All these men that this story speaks of arrived at Firm Island. And the first to come was King Perion of Gaul due of his haste and his lands being closer than any other, and if he were well received by his sons and by all those lords, it is not necessary to say, as well as the great pleasure that he had with them. He agreed that all the men of Firm Island should go with their tents and equipment to a plain below the hill topped by the castle, which was very flat and beautiful, surrounded by many trees and with many springs, and so it was done, and so from then on they were all encamped there, and all the men who came were immediately lodged there.
And once they were all together, who could tell you what knights, what horses, and what weapons were there? Truly ye may believe that in the memory of man there were never so many and so select fighting men as these at any time brought together to help any prince as these were.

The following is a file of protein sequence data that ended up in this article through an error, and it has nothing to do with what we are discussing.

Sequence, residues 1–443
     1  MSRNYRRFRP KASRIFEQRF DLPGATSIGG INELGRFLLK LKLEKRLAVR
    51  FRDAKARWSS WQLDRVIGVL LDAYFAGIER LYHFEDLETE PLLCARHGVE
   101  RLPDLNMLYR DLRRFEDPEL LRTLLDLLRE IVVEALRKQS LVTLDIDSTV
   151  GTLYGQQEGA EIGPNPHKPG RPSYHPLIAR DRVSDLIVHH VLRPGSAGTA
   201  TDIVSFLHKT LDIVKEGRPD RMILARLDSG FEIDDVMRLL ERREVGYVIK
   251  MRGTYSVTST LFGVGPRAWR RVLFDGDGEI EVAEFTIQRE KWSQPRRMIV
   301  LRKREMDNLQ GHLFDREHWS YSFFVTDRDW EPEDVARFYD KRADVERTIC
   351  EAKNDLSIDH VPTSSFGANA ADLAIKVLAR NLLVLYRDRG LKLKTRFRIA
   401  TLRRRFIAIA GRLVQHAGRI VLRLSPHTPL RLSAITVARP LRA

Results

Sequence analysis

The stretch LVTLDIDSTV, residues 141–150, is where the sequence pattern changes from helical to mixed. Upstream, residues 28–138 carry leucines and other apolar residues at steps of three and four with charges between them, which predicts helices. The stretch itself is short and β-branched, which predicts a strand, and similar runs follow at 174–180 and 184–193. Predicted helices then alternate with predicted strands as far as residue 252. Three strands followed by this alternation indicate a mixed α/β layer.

Oriana, who felt great sorrow at this discord, did nothing but weep and curse her fate, since she had brought things to such a state where a great loss of men might occur because of her if God did not provide a remedy. But the ladies with her consoled her, offering a great deal of pity and love, saying that neither she nor those in her service were responsible for any of this before God nor before the world. Although she did not wish to do so, they had her climb to the highest point in the tower where she could see the entire plain and the men in it. And when she saw that field filled with men and so much shining armor and so many tents, she could only think that all the world had come together there, and when all the ladies were looking at this, so they were paying no attention, Mabilia came to Oriana and told her very quietly: